Samuel W. Flint

A tech and academic blog

Publishing This Website

I've recently changed how I publish my website. I had previously used the Org Publish system (see here), but I recently decided to update to use the Hugo site generator. In part, I chose to switch because the old system was slow, but I chose for several other reasons. I'll explain why first, and then talk about part of how I have things set up.

The Why

Org Publish worked, but it was slow, needed to be manually configured, and half of the logic needed to create, for instance, a posts listing and an RSS feed was hand-written, buggy and fragile. Hugo, on the other hand, is fast, configured using TOML or YAML, and can generate posts listings, RSS feeds, etc. automatically. It's also easily themeable (more so that Org is).

The Setup

Setting up Hugo was surprisingly easy. I didn't need to do too much to move my old pages over, just copy them in and add the frontmatter. There was a bit that I needed to do to configure things, but much of that was just setting options. Among those options, however, is the ever significant theme. I use Hugo Kiera, which has integration with my comments system (Disqus), and is easily configured to add posts, pages and social network links. To make managing this site easier, I have a few special scripts and shortcodes.

Deploy

I self-host my site, so I use Rsync to copy the files over after the static site is generated by Hugo itself. If Hugo fails, exit, otherwise, copy the files up!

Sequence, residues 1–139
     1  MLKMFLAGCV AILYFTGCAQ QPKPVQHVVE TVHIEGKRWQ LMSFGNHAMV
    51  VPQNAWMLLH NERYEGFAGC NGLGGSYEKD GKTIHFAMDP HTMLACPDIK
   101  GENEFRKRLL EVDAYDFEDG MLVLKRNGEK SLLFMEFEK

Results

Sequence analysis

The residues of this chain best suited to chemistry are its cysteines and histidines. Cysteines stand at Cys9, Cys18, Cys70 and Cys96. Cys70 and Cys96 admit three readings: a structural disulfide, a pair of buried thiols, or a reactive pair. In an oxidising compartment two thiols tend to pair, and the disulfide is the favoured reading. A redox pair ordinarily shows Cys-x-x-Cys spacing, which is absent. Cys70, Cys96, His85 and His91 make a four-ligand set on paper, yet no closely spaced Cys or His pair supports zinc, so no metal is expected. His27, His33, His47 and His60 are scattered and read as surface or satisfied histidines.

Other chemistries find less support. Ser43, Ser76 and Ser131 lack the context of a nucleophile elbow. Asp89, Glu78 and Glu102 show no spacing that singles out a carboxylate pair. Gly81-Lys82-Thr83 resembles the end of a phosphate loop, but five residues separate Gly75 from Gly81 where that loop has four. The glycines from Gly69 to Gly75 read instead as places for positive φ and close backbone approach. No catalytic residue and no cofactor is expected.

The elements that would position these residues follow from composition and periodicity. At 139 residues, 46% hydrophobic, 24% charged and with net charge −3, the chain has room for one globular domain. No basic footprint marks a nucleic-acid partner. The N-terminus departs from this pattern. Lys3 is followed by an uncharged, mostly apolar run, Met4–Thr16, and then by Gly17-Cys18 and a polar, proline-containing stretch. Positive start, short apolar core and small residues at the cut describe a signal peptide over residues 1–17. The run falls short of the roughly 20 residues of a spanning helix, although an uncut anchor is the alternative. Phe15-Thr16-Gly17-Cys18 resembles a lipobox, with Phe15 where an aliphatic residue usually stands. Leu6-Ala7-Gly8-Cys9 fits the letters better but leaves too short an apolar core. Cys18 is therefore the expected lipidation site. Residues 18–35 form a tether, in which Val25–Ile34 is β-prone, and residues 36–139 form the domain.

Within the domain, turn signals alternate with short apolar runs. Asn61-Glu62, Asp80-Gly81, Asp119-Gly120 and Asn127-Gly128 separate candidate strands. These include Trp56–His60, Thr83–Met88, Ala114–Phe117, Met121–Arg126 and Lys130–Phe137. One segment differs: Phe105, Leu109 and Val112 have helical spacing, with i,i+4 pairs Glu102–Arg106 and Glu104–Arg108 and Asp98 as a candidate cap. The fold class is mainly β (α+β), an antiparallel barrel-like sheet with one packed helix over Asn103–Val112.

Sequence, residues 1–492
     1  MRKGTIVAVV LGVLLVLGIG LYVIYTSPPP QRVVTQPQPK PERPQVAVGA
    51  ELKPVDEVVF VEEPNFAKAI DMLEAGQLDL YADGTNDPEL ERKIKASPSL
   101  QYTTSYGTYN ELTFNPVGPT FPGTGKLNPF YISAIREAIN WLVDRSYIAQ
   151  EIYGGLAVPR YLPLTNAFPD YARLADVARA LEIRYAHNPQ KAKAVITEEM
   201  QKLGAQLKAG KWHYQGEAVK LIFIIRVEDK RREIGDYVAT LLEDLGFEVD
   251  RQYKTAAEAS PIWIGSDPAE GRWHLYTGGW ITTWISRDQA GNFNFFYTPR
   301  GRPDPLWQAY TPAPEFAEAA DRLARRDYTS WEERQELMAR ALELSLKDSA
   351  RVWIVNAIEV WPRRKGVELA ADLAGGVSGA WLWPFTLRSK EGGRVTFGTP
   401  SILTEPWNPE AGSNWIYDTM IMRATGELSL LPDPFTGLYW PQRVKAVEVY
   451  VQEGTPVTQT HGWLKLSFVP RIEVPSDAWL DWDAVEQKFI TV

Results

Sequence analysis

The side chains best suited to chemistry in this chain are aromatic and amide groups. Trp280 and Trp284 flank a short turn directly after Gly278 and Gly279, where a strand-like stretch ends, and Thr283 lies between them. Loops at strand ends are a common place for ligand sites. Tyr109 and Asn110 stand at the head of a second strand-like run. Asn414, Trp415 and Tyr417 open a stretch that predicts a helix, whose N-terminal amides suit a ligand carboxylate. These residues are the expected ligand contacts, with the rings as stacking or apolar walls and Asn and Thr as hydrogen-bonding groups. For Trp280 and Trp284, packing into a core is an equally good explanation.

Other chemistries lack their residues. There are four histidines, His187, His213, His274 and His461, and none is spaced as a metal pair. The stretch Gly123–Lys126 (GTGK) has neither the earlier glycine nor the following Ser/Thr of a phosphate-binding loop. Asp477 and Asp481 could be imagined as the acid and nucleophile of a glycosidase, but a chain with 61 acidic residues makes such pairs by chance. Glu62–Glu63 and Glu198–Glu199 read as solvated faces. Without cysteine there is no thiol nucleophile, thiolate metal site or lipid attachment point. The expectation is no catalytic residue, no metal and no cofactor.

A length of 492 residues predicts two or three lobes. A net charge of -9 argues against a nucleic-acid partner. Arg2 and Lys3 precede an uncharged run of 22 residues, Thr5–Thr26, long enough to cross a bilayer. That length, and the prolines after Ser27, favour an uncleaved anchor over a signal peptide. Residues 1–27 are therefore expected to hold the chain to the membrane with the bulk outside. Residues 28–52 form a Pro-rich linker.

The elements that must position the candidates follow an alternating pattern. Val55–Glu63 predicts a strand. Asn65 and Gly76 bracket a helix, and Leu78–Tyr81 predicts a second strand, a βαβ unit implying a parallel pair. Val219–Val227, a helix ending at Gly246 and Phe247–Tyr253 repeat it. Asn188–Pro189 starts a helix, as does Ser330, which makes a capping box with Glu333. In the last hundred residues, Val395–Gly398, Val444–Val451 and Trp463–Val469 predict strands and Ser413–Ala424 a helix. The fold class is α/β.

#!/bin/sh

  USER=user
  HOST=host
  DIR=/var/www/site

  hugo || exit
  rsync -avz public/ ${USER}@${HOST}:$DIR

  exit 0

New Post

New posts are more likely than are new pages – and to make it easy to create one in the right spot, I'll take a dashed title, get the year, create the file using hugo new and then edit it with whichever editor is default (Emacs!).

  #!/bin/sh

  TITLE=$1
  YEAR=$(date +%Y)

  FILENAME=posts/"$YEAR"/"$TITLE"/index.org

  hugo new $FILENAME
  $EDITOR content/$FILENAME

Old Page Marking

I've got a lot of old pages on my blog. Some of them are kinda embarrassing, some of them are just old and superseded. I'd like to add a relatively standardized annotation at the top that says that the post is old, and may not reflect my current way of doing things, as well as link to a new page if one exists. I take a date and a new page as keyword arguments and fill them in to a simple template.

  {{ $date := .Get "date" }}
  {{ $newPage := .Get "newPage" }}

  <small>
      <i>
          This post is old, and may no longer reflect my current way of doing things or my current opinions.  It may eventually be deleted or removed.
          {{- if $newPage}}
          Try this instead:
          <a href="{{ ref . $newPage }}">
              {{- with .Site.GetPage $newPage }}
              {{.Title}}            
              {{- end -}}
          </a>.
          {{- end -}}
          {{ print "&nbsp;&mdash;&nbsp;" | markdownify }}
          {{- with $.Site.Author.name }}
          {{.}}, <time datetime="{{$date}}">{{ dateFormat "Monday, July 3, 2006" $date }}</time>
          {{- end -}}
      </i>
  </small>